Back in November, my oldest daughter, Cricket, had the nerve to go and turn 7. It was only fitting that her annual portraits reflect what so much of the year revolved around: her newfound passion for riding. In addition to weekly riding lessons, she has amassed horse-related book and toy collections that are bursting from every shelf in the house. Horses have become a central part of her life, and by extension, ours. During her 7th year, equine literature took our minds all over the country and across the world to Europe, Africa and Australia. We're in deep.
What a momentous milestone it is to watch your child develop a talent that surpasses your own. This year, the skills Cricket has honed in riding, art and so many other creative and physical pursuits humbled us and showed us what she is truly made of. Each new interest and talent reminded us that she is not a carbon copy of either of her parents, but her own person finding her way in this world. We're learning that our role as her parents is shifting; instead of the constant care we provided during her earliest years, we now need to provide her with the tools and support to follow her dreams—and then step back and watch her soar (or fumble, which of course, is part of the deal too).
For her birthday, she picked out new riding clothes and wore them proudly in her portraits (some in our backwoods and some at the stable). I think this lesson was the last time she rode Red, the gentle old pony who taught her the basics. Now she's moved on to working with several other horses, but I want to remember sweet Red and the place he'll always hold in her heart. He's become a good buddy of all of ours.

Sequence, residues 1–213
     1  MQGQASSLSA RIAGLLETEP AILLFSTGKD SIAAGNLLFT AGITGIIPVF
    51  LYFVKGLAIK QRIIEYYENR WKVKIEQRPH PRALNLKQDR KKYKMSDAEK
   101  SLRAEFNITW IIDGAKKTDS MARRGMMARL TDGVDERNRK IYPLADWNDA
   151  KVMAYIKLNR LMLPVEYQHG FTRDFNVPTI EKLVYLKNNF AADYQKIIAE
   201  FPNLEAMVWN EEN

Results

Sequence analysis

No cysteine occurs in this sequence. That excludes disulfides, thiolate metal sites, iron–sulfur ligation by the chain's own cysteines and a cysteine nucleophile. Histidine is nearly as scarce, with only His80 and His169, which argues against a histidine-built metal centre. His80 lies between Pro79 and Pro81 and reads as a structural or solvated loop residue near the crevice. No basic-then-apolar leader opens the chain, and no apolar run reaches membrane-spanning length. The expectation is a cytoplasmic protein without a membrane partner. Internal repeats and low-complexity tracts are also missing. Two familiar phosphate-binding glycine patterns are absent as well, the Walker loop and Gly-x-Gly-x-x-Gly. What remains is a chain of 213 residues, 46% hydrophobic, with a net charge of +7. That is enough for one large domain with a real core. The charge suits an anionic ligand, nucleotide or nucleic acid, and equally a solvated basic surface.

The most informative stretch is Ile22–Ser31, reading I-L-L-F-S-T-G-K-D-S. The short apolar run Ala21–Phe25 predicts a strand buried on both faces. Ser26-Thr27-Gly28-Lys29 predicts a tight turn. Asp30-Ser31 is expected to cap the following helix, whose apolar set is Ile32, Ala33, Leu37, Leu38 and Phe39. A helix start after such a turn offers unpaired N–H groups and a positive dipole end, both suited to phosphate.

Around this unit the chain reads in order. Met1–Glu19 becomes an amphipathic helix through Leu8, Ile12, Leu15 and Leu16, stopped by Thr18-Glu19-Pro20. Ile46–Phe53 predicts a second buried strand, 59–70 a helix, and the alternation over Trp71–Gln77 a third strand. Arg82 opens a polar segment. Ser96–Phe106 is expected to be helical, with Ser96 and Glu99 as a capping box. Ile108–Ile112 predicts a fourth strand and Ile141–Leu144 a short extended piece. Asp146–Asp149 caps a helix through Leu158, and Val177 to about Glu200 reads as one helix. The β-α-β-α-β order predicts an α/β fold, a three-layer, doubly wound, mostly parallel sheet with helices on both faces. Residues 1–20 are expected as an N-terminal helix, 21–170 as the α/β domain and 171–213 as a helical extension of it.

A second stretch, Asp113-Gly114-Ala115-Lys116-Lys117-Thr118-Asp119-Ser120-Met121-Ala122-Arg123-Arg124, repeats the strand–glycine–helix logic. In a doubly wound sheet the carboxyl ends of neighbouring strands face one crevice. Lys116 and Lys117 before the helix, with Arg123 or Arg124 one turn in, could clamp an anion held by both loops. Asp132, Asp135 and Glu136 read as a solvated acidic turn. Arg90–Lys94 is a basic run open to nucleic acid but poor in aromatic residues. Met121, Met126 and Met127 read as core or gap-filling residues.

As I finish this post, Cricket and I are packing up for our first just-the-two-of-us, mother-daughter, cross-country adventure since she was an infant. In some ways, I regret that it's been so long; in other ways, I'm proud of how much of a family unit we are—never feeling much desire to divide and conquer. I've always expected too much of this first child of mine, and yet she's always risen to the occasion. She deserves some time to just be my big girl instead of playing the constant role of big sister. Wheels up on this trip and year 8!
I'm Julia Soplop, writer and photographer. I believe there is something profound in bearing witness to moments of joy and pain in others’ lives. My husband, three girls and I live outside of Chapel Hill, NC. You can read more about me here.